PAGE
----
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Learning Tools Multilingual Products reviewed on 702!

Products to facilitate second language acquisition

Learning Tools had a boost on Saturday morning when our Multilingual Products – Viva Vocab and Conversation Station were reviewed on Radio 702  Weekend Breakfast with Phemelo Motene.

 

Many thanks to Talent Whisperer, and all around inspiring Nikki Bush for doing such a great job for us.

Learning Tools has developed two products to be used to introduce and enhance the acquisition of a second language.  The can be used, for example, to introduce a rural child to English, or introduce an urban child to Zulu.  They are also designed to enhance vocabulary development and to stimulate Critical Thinking and conversation in the second language.

These products currently support English, Afrikaans, Zulu and Xhosa, but are able to support any South African language needed.

Historically a second language has been taught with a focus on grammar and sentences first and then onto vocabulary.  Recently, however, many teachers have realised that learning vocabulary first leads to an easier transition into the second language.  Learning grammar and how to construct sentences is easier once the child has a reasonable base of vocabulary to draw on.

The development of the African Voice products is based on this concept of building a solid foundation of vocabulary in the second language before tackling other aspects of the language.

Conversation Station –

This game is all about stimulating conversation, and building vocabulary.  Each card has a truly South African photo on the one side, and critical thinking questions in all four of the target languages on the reverse.  It also has a list of vocabulary words along the bottom.  The questions are asked initially in Mother Tongue, and the vocabulary is introduced in the Second Language.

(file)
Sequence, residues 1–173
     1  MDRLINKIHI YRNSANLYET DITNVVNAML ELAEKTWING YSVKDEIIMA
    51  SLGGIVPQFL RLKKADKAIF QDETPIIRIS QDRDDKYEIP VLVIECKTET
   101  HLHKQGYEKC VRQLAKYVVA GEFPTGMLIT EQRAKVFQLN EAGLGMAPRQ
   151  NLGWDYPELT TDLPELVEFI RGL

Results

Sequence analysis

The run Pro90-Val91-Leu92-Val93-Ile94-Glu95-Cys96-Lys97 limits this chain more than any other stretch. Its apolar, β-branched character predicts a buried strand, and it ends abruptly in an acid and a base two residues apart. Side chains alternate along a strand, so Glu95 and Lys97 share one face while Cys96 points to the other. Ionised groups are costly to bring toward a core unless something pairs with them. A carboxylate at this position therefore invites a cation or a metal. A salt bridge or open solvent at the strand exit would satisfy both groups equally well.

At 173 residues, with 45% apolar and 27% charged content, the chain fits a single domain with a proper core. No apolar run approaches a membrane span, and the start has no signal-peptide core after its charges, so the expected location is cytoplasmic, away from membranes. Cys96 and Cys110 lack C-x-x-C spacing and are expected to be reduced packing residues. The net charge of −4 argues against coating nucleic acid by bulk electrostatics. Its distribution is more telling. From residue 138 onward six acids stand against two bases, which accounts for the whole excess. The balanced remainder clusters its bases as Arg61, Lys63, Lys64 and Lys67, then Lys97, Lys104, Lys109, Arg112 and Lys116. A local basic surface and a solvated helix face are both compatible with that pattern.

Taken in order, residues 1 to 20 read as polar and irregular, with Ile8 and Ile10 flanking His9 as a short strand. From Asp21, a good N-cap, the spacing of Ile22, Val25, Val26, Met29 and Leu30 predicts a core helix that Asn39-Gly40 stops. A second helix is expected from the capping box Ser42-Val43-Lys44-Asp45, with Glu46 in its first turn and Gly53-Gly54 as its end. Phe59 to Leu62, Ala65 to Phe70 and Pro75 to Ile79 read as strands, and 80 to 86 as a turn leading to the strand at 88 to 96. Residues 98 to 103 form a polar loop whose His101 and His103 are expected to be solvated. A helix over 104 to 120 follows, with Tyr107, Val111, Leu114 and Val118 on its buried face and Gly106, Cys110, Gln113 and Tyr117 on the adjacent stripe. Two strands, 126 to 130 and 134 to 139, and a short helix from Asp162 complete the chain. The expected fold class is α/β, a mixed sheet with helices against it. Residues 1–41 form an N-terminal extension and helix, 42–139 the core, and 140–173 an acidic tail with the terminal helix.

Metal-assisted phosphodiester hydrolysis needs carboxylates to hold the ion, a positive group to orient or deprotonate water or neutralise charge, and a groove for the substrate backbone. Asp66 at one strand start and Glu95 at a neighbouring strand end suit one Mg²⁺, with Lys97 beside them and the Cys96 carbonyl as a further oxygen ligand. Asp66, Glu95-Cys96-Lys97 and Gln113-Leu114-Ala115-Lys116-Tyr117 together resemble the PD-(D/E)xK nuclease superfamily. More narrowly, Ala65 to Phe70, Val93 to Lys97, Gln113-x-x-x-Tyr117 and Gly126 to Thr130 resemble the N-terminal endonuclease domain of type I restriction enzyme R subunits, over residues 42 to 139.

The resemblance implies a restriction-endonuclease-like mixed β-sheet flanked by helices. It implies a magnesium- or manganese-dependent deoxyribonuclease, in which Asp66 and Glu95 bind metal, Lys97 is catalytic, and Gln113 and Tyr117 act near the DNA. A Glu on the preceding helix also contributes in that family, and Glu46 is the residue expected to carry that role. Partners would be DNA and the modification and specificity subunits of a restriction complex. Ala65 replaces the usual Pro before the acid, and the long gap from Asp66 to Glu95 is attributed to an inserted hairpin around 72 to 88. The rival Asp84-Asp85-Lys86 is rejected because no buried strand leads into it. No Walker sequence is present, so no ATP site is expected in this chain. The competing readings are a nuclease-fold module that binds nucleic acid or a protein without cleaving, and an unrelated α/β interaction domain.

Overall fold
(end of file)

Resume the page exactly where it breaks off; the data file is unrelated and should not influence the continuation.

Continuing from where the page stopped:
Viva Vocab –

Is a specialised vocabulary building game.  It is a flash card game – with a picture of an object on the one side, and the vocabulary word on the reverse.  The vocabulary is repeated in the target languages.  Viva Vocab has over 250 of the CAPS vocabulary words.  These words are categorised, and each category is colour coded.  The phonetic transcription of the word is included with each language.  This assists the learner to begin pronouncing the word in the right way.

We would LOVE you to try these – please contact me is you would like more info? sarah@learningtools.co.za

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Working Memory – what is it? And how can we improve it?

Working Memory

You’ve heard of Short-Term Memory, and Long-Term Memory – so what is Working Memory?  Working Memory is an area of the brain that we use while we are manipulating information.   Working Memory is used for carrying out complex tasks such as learning, reasoning and comprehension.  It is a limited space when comparing it to Long-Term memory, and it is also temporary.  The best analogy I have come across compares Working Memory to a diner plate.  We would use the diner plate for food and once the food is finished, we can reuse it again.  Working Memory is much the same.  We will use our working memory for a specific task, and after that is completed the area is “cleaned” and we can reuse it.

Working Memory forms part of the Executive Function of the brain.  Executive Functioning is what helps people plan, organise and complete tasks.  Working Memory is fundamental to learning.  It is through our working memory that we recall information, and can use that information for the task at hand.  Working Memory helps us pay attention, and maintain focus during a task.  For example, if a learner is performing a Long Division maths problem, it is the Working Memory that will help the learner follow the steps necessary to work out the problem.

Working Memory has two parts to it – we have an Auditory Working Memory, and a Visual Working Memory.  The Auditory Working Memory is a part we use to manipulate information we have heard and Visual Working Memory is the information we have seen.